Gerrard's walk to title is a long road - Premier League - Football - The Independent

Gerrard's walk to title is a long road

Liverpool 1 Manchester United 1

Anfield

Steven Gerrard is becoming Anfield's Ryan Giggs. No silver flecks yet perhaps, but the twice weekly yoga sessions and now, after Saturday's goal, a type of statistic that is usually attached to the Welshman. Gerrard has scored in 13 consecutive seasons for Liverpool. Only Billy Liddell (15) and, surprisingly, Ronnie Whelan (14) are ahead.

Gerrard will have to be playing at Anfield until he is 38 to match Giggs, who has just chalked his 20th successive season of successive goals for United and who, you imagine, is destined to make it 21. He is also right up there among the English midfielders who have caused Sir Alex Ferguson most trouble over the years – his fifth Premier League goal against Manchester United leaves only Robbie Fowler (six) ahead of him in the modern era. But the question amid the unmitigated joy at being "back and experiencing the emotions of big games again," as he put it in the tight back corridors of Anfield late on Saturday night, was whether the club can rise far enough, quickly enough to deliver him the domestic title he has yearned for.

That piece of silverware has always been a preoccupation. Even after the euphoria of the European Cup triumph in Istanbul, in 2005, the thought of a move to Chelsea "ate away" at him because, as he later reflected, "Liverpool might have won the Champions League but the Premiership belonged to Chelsea."

Encounters with United are too intense and rarefied to draw too many title conclusions from, especially when the leaves are hardly on the ground, but the evidence is there that the club remains "still a long way behind" United, as owner John W Henry put it last week. Sir Alex Ferguson was able to start with Wayne Rooney, Luis Nani and Javier Hernandez on the bench – with the significance of this morning's flight to face Otelul Galati of Romania far greater a consideration than critics of Saturday's United starting XI appreciated – and then simply squeeze the accelerator with them when he judged it necessary.

"You sum a side up by how strong your bench is. You look at our bench today and we had Carroll, Henderson and Bellamy," Gerrard reflected but those players were not there for a rest. Andy Carroll's omission was more interesting than Rooney's, considering that you pay out £35m for days like this.

There were signs that Liverpool's journey under Kenny Dalglish is well under way. Jose Enrique's force of personality shone out in a performance which suggested that the dismay Liverpool felt at Manchester City beating them to Gaël Clichy was premature. He took Chris Smalling to pieces at times. It is not even a surprise, now, that Martin Kelly was also capable of dealing with Ashley Young, even though Dalglish worries about the 21-year-old right-back's succession of injuries, mainly hamstrings.

However, Charlie Adam, Stewart Downing and Jordan Henderson make Liverpool better, not the best, and the £71m net spent by Fenway Sports Group looks more like an investment to get Liverpool out of special measures, than one to make them special. Adam was freed to forge forward powerfully by Gerrard's presence in the side but it was Xabi Alonso's signing from Real Sociedad which persuaded Gerrard that Liverpool were worth persisting with in the summer of 2005. "Top signing. Pure class. Touch, vision, the creative works," he enthused of him in his biography. With the greatest respect, Adam will not produce the same alchemy.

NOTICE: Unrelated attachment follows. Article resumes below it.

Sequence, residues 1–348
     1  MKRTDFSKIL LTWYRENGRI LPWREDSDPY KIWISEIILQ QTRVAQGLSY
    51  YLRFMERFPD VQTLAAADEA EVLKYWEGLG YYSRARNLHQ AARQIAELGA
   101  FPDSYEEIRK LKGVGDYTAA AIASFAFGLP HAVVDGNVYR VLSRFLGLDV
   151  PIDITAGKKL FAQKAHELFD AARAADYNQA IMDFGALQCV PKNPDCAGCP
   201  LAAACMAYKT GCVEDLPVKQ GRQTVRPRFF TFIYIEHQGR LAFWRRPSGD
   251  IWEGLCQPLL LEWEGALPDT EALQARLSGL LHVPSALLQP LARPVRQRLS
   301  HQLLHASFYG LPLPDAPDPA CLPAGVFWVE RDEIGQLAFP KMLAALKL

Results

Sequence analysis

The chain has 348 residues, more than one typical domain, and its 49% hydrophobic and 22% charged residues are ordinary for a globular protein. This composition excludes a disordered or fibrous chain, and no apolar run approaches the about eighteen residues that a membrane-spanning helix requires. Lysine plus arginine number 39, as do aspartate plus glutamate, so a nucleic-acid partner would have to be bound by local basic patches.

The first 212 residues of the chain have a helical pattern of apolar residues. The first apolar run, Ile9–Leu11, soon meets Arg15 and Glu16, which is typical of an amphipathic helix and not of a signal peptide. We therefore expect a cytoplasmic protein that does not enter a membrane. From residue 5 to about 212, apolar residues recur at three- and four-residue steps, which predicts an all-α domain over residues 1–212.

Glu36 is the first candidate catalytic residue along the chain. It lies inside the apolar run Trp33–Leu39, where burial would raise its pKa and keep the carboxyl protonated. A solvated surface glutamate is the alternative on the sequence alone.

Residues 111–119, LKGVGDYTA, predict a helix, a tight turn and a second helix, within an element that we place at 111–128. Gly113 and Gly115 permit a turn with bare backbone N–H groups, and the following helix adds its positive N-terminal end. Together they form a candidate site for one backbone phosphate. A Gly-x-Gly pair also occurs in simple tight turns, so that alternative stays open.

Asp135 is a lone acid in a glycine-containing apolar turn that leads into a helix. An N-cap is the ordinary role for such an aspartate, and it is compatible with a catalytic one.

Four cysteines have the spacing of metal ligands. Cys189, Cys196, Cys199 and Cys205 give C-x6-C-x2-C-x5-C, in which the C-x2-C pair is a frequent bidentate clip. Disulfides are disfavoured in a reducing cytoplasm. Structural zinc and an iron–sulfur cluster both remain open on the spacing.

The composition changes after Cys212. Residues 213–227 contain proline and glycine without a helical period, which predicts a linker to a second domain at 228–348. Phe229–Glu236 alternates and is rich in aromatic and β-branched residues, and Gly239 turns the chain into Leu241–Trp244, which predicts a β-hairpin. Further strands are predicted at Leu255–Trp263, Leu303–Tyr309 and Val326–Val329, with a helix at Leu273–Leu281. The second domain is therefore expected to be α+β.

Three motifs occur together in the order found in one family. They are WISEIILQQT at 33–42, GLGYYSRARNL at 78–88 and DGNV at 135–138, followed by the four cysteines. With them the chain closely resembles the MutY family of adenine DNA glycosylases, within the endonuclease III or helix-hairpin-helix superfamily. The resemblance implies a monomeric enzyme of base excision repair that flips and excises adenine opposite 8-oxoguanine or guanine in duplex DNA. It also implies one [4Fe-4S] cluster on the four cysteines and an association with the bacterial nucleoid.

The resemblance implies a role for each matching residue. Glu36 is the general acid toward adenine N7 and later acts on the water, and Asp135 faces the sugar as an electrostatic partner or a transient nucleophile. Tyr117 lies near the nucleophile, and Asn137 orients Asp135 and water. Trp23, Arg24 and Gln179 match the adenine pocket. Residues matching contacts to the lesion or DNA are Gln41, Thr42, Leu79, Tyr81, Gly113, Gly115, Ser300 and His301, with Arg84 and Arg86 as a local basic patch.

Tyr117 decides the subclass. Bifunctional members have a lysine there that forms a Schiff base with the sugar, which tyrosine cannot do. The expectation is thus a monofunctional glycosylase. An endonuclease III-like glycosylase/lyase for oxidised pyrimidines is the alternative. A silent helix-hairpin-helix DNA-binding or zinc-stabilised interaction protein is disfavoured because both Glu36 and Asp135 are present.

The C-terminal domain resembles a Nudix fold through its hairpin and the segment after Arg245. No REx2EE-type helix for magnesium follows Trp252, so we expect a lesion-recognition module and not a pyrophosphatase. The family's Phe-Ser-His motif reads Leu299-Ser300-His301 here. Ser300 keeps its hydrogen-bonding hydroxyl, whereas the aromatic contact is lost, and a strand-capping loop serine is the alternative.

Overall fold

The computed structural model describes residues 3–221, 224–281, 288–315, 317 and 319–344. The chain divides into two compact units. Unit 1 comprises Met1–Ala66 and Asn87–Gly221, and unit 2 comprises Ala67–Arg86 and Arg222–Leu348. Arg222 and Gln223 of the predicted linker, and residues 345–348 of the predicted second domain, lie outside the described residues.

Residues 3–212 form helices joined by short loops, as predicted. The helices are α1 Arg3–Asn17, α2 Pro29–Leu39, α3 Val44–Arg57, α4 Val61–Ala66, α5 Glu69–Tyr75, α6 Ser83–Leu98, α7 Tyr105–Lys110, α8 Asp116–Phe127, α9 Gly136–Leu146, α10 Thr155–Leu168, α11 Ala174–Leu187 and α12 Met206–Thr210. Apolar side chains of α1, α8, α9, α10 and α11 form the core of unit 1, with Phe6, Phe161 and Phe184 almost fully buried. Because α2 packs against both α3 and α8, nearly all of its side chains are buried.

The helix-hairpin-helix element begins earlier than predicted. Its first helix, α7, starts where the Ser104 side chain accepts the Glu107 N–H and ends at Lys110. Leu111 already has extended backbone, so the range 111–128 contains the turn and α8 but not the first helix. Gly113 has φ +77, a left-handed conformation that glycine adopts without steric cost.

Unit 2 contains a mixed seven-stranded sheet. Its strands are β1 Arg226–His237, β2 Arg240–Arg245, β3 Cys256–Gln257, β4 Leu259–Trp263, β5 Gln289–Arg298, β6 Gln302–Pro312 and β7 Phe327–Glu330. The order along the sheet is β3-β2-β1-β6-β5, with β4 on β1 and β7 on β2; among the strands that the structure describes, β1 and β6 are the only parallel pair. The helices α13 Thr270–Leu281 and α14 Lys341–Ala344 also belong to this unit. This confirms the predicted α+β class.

Gerrard is just thankful for the not-so-small mercy of stability. "Enough has been said about the previous regime," he said. "A bit more has been said this week with Pepe [Reina]'s book [which excoriates the George Gillett and Tom Hicks era] being serialised. The new owners have come in, steadied the ship and there is a lot more positivity around from top to bottom in the club."

The game revealed limitations in United, too. Danny Welbeck will not necessarily be the saviour England seeks in Rooney's absence, and Martin Skrtel and Jamie Carragher coped with him, even though the striker insisted that "playing one up front was difficult at times."

The Patrice Evra/Luis Suarez controversy was not the only one. Phil Jones' infuriation with Adam's histrionics for the free-kick Gerrard converted in the 68th minute was not reflected in the extracts of his post-match interview screened by United's in-house TV station, though Adam was indignant about this. "Well everyone has an opinion. I felt a touch and if I hadn't gone down I would have been clear through on goal so there must have been contact," he said.

Yet the question for Gerrard is how long and winding the road to a title might be. "We are really confident we can push on from this game now and put a real good fight in for the top four," he concluded. He wants more than that for his career epitaph. Giggs has 12 titles. He'd take one.

Hillsborough: the search for justice, pages 8&9

Scorers: Liverpool Gerrard 68. Manchester Utd Hernandez 81

Substitutes: Liverpool Henderson 6 (Lucas, 57), Manchester United Nani 5 (Young, 68), Rooney 5 (Park, 68), Hernandez (Jones, 76).

Booked: Liverpool Lucas. Manchester United Young, Ferdinand, Evra.

Man of the match Adam

Match rating 6/10.

Possession: Liverpool 52% Manchester United 48%.

Attempts on target: Liverpool 8 Manchester United 3.

Referee A Marriner (West Midlands). Attendance 45,065.

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